From London, on the 5th August, I went to Highgate, and wrote a note to Mr. Coleridge, requesting leave to pay my respects to him. It was near noon. Mr. Coleridge sent a verbal message, that he was in bed, but if I would call after one o'clock, he would see me. I returned at one, and he appeared, a short, thick old man, with bright blue eyes and fine clear complexion, leaning on his cane. He took snuff freely, which presently soiled his cravat and neat black suit. He asked whether I knew Allston, and spoke warmly of his merits and doings when he knew him in Rome; what a master of the Titianesque he was, etc., etc. He spoke of Dr. Channing. It was an unspeakable misfortune that he should have turned out a Unitarian after all. On this, he burst into a declamation on the folly and ignorance of Unitarianism,--its high unreasonableness; and taking up Bishop Waterland's book, which lay on the table, he read with vehemence two or three pages written by himself in the fly-leaves,--passages, too, which, I believe, are printed in the "Aids to Reflection." When he stopped to take breath, I interposed, that, "whilst I highly valued all his explanations, I was bound to tell him that I was born and bred a Unitarian." "Yes," he said, "I supposed so"; and continued as before. "It was a wonder, that after so many ages of unquestioning acquiescence in the doctrine of St. Paul,--the doctrine of the Trinity, which was also, according to Philo Judæus, the doctrine of the Jews before Christ,--this handful of Priestleians should take on themselves to deny it, etc., etc. He was very sorry that Dr. Channing,--a man to whom he looked up,--no, to say that he lookedupto him would be to speak falsely; but a man whom he lookedatwith so much interest,--should embrace such views. When he saw Dr. Channing, he had hinted to him that he was afraid he loved Christianity for what was lovely and excellent,--he loved the good in it, and not the true; and I tell you, sir, that I have known ten persons who loved the good, for one person who loved the true; but it is a far greater virtue to love the true for itself alone, than to love the good for itself alone. He (Coleridge) knew all about Unitarianism perfectly well, because he had once been a Unitarian, and knew what quackery it was. He had been called "the rising star of Unitarianism."' He went on defining, or rather refining: 'The Trinitarian doctrine was realism; the idea of God was not essential, but super-essential'; talked oftrinismandtetrakism, and much more, of which I only caught this: 'that the will was that by which a person is a person; because, if one should push me in the street, and so I should force the man next me into the kennel, I should at once exclaim, "I did not do it, sir," meaning it was not my will.' And this also: 'that if you should insist on your faith here in England, and I on mine, mine would be the hotter side of the fagot.'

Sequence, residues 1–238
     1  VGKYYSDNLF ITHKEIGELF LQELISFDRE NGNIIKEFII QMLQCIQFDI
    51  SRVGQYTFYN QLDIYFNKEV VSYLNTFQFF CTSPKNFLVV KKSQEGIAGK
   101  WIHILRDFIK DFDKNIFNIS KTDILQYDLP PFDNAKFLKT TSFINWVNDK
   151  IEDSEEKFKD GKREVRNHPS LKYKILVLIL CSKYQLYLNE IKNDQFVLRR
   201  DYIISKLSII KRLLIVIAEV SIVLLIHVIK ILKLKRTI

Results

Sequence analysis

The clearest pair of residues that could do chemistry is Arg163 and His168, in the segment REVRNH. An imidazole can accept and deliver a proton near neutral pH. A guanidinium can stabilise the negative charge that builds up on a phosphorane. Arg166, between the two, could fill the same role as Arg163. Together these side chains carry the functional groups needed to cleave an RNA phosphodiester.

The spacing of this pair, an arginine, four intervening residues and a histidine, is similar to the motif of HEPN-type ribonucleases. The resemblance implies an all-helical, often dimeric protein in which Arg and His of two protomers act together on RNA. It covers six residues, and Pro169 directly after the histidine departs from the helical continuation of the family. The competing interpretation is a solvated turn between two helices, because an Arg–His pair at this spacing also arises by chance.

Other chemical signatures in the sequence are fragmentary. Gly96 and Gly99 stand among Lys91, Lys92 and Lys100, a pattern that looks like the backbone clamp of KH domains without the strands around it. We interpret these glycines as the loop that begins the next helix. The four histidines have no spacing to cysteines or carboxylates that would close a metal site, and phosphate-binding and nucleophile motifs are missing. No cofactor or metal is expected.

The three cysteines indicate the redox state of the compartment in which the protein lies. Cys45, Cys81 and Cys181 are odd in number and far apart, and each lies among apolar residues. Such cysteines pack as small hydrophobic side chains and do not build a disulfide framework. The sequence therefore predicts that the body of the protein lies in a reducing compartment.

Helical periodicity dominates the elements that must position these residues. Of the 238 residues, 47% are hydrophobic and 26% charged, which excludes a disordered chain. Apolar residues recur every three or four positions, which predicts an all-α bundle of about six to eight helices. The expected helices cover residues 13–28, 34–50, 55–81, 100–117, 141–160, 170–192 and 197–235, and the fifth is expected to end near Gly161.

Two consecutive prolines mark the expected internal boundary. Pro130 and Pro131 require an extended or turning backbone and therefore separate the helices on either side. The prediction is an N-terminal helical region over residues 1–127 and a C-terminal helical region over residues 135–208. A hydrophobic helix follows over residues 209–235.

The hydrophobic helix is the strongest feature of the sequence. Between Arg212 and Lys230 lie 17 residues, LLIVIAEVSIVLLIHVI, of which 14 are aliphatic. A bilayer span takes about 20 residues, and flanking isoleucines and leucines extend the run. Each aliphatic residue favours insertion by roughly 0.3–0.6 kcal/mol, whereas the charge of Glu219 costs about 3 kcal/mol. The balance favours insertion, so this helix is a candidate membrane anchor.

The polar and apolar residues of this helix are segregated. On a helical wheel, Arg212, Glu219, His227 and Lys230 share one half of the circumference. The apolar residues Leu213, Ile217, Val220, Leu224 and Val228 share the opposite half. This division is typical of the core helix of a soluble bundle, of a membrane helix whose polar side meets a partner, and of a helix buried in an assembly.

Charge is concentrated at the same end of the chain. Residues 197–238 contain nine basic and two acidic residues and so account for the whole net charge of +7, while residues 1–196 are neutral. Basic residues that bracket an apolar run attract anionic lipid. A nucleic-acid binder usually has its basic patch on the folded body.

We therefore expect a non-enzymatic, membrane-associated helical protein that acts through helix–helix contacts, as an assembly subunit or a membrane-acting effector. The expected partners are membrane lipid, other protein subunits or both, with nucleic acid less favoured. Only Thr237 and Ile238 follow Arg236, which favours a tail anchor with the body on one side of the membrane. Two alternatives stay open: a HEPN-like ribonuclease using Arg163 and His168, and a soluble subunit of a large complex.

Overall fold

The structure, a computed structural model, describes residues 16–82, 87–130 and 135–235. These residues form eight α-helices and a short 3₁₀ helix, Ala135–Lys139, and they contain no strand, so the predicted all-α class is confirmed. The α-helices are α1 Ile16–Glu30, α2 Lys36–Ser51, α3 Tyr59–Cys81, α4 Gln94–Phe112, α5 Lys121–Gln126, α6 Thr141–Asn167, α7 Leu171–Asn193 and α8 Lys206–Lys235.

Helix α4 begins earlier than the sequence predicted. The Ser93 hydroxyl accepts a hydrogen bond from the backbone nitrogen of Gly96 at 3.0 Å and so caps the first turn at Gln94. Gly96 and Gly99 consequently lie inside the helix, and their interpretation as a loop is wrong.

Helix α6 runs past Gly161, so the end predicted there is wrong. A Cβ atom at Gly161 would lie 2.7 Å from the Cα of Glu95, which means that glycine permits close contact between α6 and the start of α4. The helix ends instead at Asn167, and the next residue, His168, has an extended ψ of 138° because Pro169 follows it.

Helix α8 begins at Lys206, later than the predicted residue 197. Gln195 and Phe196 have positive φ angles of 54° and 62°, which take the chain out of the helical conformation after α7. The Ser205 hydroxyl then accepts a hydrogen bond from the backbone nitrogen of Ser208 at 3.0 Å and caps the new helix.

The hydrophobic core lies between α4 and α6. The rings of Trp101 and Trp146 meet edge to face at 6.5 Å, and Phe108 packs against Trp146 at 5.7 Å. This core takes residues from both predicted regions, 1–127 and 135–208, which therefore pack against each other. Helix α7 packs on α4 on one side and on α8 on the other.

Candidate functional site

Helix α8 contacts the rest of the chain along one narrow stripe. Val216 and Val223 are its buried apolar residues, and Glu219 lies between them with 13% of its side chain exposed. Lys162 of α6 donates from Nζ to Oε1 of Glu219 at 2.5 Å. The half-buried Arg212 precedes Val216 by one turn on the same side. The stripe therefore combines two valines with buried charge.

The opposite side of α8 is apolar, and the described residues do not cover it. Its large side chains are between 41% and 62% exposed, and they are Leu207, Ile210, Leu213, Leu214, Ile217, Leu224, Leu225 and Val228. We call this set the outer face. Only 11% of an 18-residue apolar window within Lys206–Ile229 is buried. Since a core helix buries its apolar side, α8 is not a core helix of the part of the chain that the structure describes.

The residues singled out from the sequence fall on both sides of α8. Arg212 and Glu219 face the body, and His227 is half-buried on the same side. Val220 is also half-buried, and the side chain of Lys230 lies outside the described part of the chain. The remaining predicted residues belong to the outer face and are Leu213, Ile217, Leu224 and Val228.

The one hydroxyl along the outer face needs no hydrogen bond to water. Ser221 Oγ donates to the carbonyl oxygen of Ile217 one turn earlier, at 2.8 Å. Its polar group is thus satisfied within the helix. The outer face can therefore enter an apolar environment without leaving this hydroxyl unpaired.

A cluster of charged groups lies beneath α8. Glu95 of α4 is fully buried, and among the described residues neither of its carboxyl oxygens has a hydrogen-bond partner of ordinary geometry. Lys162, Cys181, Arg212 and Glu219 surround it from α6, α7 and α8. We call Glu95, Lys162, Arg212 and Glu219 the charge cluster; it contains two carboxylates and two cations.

I took advantage of a pause to say, that he had many readers of all religious opinions in America, and I proceeded to inquire if the "extract" from the Independent's pamphlet, in the third volume of the Friend, were a veritable quotation. He replied that it was really taken from a pamphlet in his possession, entitled "A Protest of one of the Independents," or something to that effect. I told him how excellent I thought it, and how much I wished to see the entire work. "Yes," he said, "the man was a chaos of truths, but lacked the knowledge that God was a god of order. Yet the passage would no doubt strike you more in the quotation than in the original, for I have filtered it."